|Important: This article is applicable to the Health + Ancestry Service. If you purchased the Ancestry Service, you can add reports once you have received data.
If you have just received your 23andMe® reports, you may be wondering where to start. After all, there is a lot about you that makes you unique. In this article you will find a brief introduction to the reports provided by 23andMe and other key information to help you get started exploring your genetics.
If you are new to the world of genetics or it has been a while since your last genetics class, you can review a few concepts about genetics in our Tutorials.
This article will discuss the following topics:
- Accessing Your Health Predisposition Reports
- How to set your profile information (applicable to Health + Ancestry Service profiles only).
- How to print a summary of your reports.
- The 23andMe report categories and the information each category provides.
- The limitations of the reports (applicable to Health + Ancestry Service profiles only).
After you receive an email announcing “Your reports are ready”, you will need to log in to your online 23andMe account using the email address you provided during the registration process—this is the same email address used to announce that your data was ready.
Your 23andMe reports and our interactive features are only accessible from within your account.
- If you forgot the password connected to your account, you can reset it here.
- If you forgot or lost access to the email address connected to your account, please contact us.
After you have successfully logged into your account, you are asked to supply your ethnicity. Our Carrier Status* Reports explain your results in the context of your ethnicity. Some associations between genotype and phenotype are better studied in certain populations and are most applicable to people of a particular ethnic background. If a genetic condition has been studied in your ethnicity, our reports may provide more detailed information for you. As new scientific studies are published, we’ll continue working to expand our tests to include variants applicable to more ethnicities.
You can review or edit your ethnicity information at any time from within your account. Keep in mind that your Carrier Status reports will not be available to you until you have completed this information.
We do not use your self-reported ethnicity information to compute your Ancestry Composition.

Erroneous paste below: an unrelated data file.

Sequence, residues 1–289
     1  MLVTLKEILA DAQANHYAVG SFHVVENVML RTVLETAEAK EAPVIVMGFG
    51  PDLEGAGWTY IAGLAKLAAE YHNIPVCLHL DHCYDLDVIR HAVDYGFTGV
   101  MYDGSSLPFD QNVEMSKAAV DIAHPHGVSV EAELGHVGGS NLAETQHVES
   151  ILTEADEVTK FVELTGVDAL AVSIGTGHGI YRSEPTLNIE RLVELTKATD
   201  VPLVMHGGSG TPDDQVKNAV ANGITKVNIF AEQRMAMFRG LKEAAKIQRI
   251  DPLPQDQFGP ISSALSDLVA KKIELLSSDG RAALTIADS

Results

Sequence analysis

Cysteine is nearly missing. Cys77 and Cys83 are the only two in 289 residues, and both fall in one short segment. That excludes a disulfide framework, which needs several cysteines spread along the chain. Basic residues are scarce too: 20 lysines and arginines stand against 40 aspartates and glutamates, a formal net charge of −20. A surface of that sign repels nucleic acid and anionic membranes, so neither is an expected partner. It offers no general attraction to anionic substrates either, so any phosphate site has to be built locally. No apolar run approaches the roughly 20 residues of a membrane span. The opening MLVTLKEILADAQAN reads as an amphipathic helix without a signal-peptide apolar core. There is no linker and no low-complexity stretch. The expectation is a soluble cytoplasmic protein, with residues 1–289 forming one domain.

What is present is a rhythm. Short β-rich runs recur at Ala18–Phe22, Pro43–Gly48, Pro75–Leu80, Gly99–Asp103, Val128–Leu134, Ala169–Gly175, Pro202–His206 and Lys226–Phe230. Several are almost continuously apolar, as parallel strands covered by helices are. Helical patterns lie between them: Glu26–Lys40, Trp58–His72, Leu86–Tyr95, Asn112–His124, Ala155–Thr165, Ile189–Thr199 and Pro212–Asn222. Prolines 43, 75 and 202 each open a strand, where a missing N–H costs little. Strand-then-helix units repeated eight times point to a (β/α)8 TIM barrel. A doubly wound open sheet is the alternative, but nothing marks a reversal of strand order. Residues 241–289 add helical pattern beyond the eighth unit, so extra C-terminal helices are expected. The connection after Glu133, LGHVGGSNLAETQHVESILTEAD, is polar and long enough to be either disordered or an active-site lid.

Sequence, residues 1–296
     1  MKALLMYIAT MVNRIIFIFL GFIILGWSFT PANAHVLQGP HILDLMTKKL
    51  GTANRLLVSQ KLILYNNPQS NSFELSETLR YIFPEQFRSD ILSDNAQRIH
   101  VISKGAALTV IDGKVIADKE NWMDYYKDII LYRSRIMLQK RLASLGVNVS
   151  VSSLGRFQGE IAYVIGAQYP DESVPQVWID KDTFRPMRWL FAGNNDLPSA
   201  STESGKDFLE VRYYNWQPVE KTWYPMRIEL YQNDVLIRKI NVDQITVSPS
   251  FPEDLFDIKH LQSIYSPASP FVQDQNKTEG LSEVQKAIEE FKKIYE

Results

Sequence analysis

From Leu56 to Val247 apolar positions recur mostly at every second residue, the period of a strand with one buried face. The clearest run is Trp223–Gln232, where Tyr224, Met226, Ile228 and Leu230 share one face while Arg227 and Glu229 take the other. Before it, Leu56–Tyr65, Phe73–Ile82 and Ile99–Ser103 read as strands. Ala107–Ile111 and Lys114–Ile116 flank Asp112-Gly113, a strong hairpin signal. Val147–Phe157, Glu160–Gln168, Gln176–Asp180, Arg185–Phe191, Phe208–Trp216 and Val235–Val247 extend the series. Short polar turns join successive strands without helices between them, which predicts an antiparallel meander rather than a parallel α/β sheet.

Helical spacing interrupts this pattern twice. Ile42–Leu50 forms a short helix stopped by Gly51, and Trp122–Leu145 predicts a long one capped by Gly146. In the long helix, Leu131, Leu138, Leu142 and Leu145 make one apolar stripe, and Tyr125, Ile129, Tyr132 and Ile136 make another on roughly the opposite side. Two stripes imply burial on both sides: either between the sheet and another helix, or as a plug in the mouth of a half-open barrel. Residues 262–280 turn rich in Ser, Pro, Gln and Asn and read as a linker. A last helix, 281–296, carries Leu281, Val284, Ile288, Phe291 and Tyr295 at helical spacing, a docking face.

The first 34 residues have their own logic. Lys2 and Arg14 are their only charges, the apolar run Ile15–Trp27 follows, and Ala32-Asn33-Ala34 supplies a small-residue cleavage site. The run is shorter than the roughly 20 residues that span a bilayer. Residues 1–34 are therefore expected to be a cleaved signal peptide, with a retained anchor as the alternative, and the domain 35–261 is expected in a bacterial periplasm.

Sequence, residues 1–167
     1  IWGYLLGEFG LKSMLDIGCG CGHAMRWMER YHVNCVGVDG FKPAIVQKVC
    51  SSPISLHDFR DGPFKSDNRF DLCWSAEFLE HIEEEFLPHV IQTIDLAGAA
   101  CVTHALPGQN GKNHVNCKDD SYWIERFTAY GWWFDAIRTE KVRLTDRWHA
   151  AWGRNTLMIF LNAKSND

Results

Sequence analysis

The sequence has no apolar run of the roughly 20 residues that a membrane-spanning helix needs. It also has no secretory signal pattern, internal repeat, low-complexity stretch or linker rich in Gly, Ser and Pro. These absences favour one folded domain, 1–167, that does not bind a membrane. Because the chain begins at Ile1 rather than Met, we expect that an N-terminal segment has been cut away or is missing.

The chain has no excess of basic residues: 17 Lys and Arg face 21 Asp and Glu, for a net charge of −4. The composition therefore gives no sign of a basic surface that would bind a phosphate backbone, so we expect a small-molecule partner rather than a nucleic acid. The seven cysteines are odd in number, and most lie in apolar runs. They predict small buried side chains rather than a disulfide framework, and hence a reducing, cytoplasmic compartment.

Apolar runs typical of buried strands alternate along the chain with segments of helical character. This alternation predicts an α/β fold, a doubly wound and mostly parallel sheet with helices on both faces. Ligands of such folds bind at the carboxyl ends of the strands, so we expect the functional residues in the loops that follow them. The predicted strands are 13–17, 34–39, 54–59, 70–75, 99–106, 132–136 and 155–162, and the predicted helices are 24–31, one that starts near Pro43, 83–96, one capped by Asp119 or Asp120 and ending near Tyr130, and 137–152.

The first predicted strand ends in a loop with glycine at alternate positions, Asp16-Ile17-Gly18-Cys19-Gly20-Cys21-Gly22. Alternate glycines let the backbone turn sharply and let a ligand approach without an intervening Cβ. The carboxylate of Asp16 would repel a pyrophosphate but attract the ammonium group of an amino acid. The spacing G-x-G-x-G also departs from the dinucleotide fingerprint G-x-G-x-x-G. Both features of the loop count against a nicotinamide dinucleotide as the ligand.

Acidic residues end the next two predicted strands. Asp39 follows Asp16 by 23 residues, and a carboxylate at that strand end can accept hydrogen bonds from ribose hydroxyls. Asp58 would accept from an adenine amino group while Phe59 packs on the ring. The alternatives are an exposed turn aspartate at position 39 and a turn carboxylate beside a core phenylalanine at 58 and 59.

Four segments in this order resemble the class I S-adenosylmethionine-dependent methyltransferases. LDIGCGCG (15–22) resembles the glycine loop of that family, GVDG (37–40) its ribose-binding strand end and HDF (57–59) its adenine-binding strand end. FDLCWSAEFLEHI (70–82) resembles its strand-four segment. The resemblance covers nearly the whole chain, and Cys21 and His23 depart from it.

You will be asked to choose whether you would like to include or exclude all Carrier Status*, and Health Predisposition (including Genetic Health Risk)* Reports*. Our health reports provide information about genetic risks for health conditions that could be relevant for you, your future children, and potentially other family members. Our Pharmacogenetics reports can provide information on how your DNA may impact the way your body processes certain medications. Deciding whether or not you want to learn about these risks is a personal choice. You have control over what types of information you would like to see and can choose to exclude certain reports that you may not want to view. You may also wish to review important information about our Genetic Health Risk* and Carrier Status* Reports.
If you choose to exclude these reports, you can choose to include them at a later time from within your account settings. You will also have the choice to remove these reports from view at a later time, however, please remember that once you have viewed your genetic information, the knowledge is irrevocable.
It is important to note that reports on wellness and traits are always visible for profiles that purchased the Health + Ancestry Service.
The Late-Onset Alzheimer’s Disease Genetic Health Risk Report*, Parkinson’s Disease Genetic Health Risk Report*, BRCA1/BRCA2 (Selected Variants) Genetic Health Risk Report*, and the MUTYH-Associated Polyposis (MAP) Genetic Health Risk Report* require you to make an additional choice after you have agreed to receive health reports. If you tend to feel anxious or have ever been diagnosed with anxiety or depression, you may have more emotional difficulty with these reports. To learn more about the disease and report, click the “Learn more” link next to the title of the report on the reports configuration page.
If you choose to exclude these reports, you will have the option to include them at a later time from within your account settings. You are welcome to opt-in to some, all, or none of these reports.